In memory of George Duke (January 12, 1946 – August 5, 2013)
This is George Duke at his Absolute Best!!! But you gotta take the trip with him from “The beginning“, through “Lemme at it” and “Hot Fire“. By the time you get to “Reach For It“, you’re ready to get the party started.
After a short intro the record kicks in with “Lemme At It” which is a funk/R&B style with some jazz added in. Dynamite lead guitar playing and then George Duke takes the second solo with keyboards and synth. Most of this disc is sophisticated funk with an incredible group of musicians. “Reach For It” and “Watch Out Baby” are very much like FUNKADELIC/PARLIAMENT records from that time. The track “Omi (Fresh Water)” and “Hot Fire” feature plenty of percussion and more hot guitar playing. The closing track, “Diamonds” continues in a latin-percussion style similar to Santana. A real treat for musicians or for people who enjoy funk/R&B. George Duke gets lowdown and funky with his synth.
A1 The Beginning 1:50
A2 Lemme at It 4:16
A3 Hot Fire 5:31
A4 Reach for It 4:53
A5 Just for You 4:27
B1 Omi (Fresh Water) 4:50
B2 Searchin’ My Mind 3:41
B3 Watch Out Baby! 5:23
B4 Diamonds 6:45
B5 The End 1:06
Keyboardist Duke, after stints with Billy Cobham, Cannonball Adderly, Jean-Luc Ponty, Frank Zappa (to stunning effect), and Don Ellis’s big band, graduated with this varied 1977 program to jazz-fusion star status. The recording features popish jazz grooves with plenty of spikes inlaid, including rock-solid and heavy fusion, ’70s funk, love-lorn ballads, and sections of bristling ensemble playing. One can hear what it was that Zappa liked in the eclecticist Duke: raw-nerved electronic keyboards with shifting rhythms and a sense of the funk, fun, and burlesque that Zappa relished. Especially deserving of mention among Duke’s band members are searing guitarist Charles Icarus Johnson, thudding bassist Byron Miller, and drummer Leon Ndugu Chancler–propulsive, rapid-fire, time- and shape-shifting. But they all got the funk. –Peter Monaghan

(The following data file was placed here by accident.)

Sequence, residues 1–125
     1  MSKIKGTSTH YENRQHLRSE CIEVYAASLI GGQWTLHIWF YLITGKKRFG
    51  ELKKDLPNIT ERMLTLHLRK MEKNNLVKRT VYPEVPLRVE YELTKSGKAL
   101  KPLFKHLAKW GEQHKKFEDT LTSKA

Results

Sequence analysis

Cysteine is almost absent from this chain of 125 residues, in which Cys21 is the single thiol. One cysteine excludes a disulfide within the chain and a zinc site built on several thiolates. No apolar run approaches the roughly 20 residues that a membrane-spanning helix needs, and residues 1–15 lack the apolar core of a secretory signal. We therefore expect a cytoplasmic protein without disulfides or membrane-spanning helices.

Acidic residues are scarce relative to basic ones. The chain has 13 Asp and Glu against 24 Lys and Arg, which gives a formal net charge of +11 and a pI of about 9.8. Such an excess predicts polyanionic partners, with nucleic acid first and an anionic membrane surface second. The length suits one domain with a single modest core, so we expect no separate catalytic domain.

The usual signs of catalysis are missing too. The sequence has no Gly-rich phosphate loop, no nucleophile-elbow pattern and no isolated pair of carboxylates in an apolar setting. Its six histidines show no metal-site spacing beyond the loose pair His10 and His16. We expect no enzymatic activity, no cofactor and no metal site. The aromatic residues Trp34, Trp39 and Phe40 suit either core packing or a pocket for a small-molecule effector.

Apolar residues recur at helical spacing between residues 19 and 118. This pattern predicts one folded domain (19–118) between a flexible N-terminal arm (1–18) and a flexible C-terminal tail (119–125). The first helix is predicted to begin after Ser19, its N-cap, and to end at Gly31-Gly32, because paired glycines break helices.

The classic title song with it’s loose, live-in-the-studio raps and Stanley Clarke‘s THUMPASAURUS bass on the ultra-funky vamp “Watch Out, Baby” are worth the price of admission alone. But we’ve also got the Afro-Cuban influenced “Hot Fire“, the heavy latin-funk sounds of “Omi (Fresh Water)” and the pure bombastic fusion of “Lemme At It”. Despite it’s availability “Reach for It” is still pretty much early, fiery George Duke-before mushy ballads took over, even on pure pop-R&B crooning like “Just For You” and the funky pop of “Searchin’ My Mind“.
Although this is excellent through and through I still suggest Duke’s BASF/MPS recordings in the mid 70′s (such as “Liberated Fantasies”) as good reference points-all those albums are only available on vinyl but worth
Look for those but buy this too-it’s fantastic! (Andre’ S Grindle)
Thanks to its multitudinously funky title track, scalding Latin jams and a ballad “Just for You,”Reach for It went to #25 Pop and #4 R&B but never made the Billboard Jazz album chart. “This was my biggest selling solo record,” Duke writes. “When it went Gold, I nearly had a heart attack!”
“We toured all of ’77 and part of ’78 and were considered the new young hot R&B/Funk/Jazz group,” his notes continue. “We toured with all the major R&B acts of the time, but were musically doing something quite different with a distinct progressive jazz flavor”.